We have found that Family Formation:
  • Brings the Faith alive through dynamic lessons, activities, and audio CD’s
  • Follows the three-year liturgical cycle and points families to what is happening in the Church year. Click here to see complete 3 year topic overview.
  • Is driven by Sacred Scripture
  • Is faithful to the teaching of the Magisterium
  • References the Catechism of the Catholic Church
  • Received the Imprimatur of Archbishop Harry J. Flynn of the Archdiocese of St. Paul and Minneapolis in 2007
Our family has been eternally blessed (I mean that literally!) by this process of formation. We have especially benefited from the materials provided during the Advent and Lenten seasons. One of our favorite supplemental materials is the “Priest Paper Doll” which is a cut-out of our Pastor, Father John, complete with vestments that can be “worn” during the appropriate Liturgical Season.

I have been personally blessed as a member of the Family Formation Core Team which spends one hour per month in prayer together for the ministry of Family Formation. All lessons have been personally authored, edited, illustrated, and collated by members of the Church of Saint Paul and the ministry has grown to include parishes and families across the United States and Canada.

The Family Formation website is now up and running! Visit www.familyformation.net to read more about the history of Family Formation, to read inspiring testimonies from other families and parishes who have been blessed by this ministry, and to view the available materials.

5 comments:

Sarah said...

I love it how people give such darling names to the preschool class, like "Little Lambs" or "Cubbies" or some such.
This is purely a ploy to get volunteers (who don't currently have preschoolers) to want to work with this age group!
How about "The Rowdies" or "The Messies" or "The Screamers?" or the "Mostly Naughty/Sometimes Nice".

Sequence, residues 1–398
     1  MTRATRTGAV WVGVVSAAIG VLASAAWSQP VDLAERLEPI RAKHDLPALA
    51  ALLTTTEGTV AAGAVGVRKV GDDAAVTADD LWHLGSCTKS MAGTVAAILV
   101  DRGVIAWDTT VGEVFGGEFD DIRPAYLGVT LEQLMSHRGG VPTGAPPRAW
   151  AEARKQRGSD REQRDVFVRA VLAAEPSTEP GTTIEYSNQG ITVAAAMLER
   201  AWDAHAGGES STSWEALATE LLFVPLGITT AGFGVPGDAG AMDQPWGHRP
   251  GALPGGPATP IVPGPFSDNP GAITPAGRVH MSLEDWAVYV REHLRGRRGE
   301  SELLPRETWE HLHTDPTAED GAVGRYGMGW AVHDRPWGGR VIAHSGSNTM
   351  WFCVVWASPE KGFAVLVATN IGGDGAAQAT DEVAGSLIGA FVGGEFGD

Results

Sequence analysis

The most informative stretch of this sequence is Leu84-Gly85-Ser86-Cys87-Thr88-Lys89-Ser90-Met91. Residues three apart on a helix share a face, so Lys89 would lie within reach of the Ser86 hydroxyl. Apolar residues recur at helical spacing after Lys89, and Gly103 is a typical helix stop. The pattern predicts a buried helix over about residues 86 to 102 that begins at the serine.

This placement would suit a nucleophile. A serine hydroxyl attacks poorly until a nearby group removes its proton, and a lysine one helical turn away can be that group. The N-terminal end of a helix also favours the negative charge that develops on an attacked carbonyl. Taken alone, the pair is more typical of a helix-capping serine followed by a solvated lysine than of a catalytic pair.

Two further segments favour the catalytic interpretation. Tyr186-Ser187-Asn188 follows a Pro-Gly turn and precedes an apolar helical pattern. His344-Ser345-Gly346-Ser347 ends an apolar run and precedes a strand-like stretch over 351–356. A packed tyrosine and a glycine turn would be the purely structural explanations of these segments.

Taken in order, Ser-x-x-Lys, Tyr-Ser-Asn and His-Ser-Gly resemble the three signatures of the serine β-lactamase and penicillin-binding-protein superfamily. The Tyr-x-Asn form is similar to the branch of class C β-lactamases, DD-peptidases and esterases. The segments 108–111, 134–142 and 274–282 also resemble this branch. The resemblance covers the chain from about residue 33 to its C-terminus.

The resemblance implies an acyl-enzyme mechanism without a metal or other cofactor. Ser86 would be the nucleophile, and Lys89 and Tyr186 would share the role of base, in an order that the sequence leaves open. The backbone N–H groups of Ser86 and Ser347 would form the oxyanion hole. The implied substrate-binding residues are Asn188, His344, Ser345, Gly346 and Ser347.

See, it just looses all appeal right there. Who would teach a class named that?

Molly Koop said...

I totally agree! :) And I fully admit that I avoid volunteering with the pre-school group as much as possible! While I do love this age group, I'm also out-numbered by children of this age group on a daily basis! I always turn in my kids to the happy ladies at Sunday Celebration with a big sigh of relief!

Jenny Clarke said...

I hear you! My oldest of 5 is 7, yet I always volunteer to teach 4th grade or up and PLEASE don't put me in the nursery! I just need a little break from the wee ones! I guess God works it out though because it always amazes me how many people volunteer to teach my little monkeys!

Isaac Schwoch said...

Do you know which other parishes in the archdiocese use this? This looks amazing!

Brendan Koop said...

The Church of St. Paul uses it, and there are churchs across the US and Canada that use it as well. I believe there are other churches in the metro area that use it (not many), but you'd have to ask Molly to find out.

Individual families can use it no matter what parish they are at, and I know there are a number of individual families that choose to do this if they don't like what their parish offers.